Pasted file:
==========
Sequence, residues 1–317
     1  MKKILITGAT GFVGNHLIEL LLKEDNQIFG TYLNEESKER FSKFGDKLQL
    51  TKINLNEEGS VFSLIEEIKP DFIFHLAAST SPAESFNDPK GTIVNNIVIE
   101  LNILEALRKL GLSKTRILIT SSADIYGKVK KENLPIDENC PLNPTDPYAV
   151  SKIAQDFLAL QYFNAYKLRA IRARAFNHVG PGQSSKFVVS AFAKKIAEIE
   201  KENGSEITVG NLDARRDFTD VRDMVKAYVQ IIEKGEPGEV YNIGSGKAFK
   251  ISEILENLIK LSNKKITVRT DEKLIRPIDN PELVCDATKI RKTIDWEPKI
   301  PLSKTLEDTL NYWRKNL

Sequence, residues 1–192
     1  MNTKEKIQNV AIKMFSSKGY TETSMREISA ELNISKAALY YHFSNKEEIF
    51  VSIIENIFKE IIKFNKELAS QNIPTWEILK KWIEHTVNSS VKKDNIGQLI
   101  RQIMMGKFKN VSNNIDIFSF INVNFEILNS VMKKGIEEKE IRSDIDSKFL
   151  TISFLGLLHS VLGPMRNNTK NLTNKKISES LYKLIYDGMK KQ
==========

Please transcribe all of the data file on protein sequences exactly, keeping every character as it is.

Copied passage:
Sequence, residues 1–317
     1  MKKILITGAT GFVGNHLIEL LLKEDNQIFG TYLNEESKER FSKFGDKLQL
    51  TKINLNEEGS VFSLIEEIKP DFIFHLAAST SPAESFNDPK GTIVNNIVIE
   101  LNILEALRKL GLSKTRILIT SSADIYGKVK KENLPIDENC PLNPTDPYAV
   151  SKIAQDFLAL QYFNAYKLRA IRARAFNHVG PGQSSKFVVS AFAKKIAEIE
   201  KENGSEITVG NLDARRDFTD VRDMVKAYVQ IIEKGEPGEV YNIGSGKAFK
   251  ISEILENLIK LSNKKITVRT DEKLIRPIDN PELVCDATKI RKTIDWEPKI
   301  PLSKTLEDTL NYWRKNL

Sequence, residues 1–192
     1  MNTKEKIQNV AIKMFSSKGY TETSMREISA ELNISKAALY YHFSNKEEIF
    51  VSIIENIFKE IIKFNKELAS QNIPTWEILK KWIEHTVNSS VKKDNIGQLI
   101  RQIMMGKFKN VSNNIDIFSF INVNFEILNS VMKKGIEEKE IRSDIDSKFL
   151  TISFLGLLHS VLGPMRNNTK NLTNKKISES LYKLIYDGMK KQ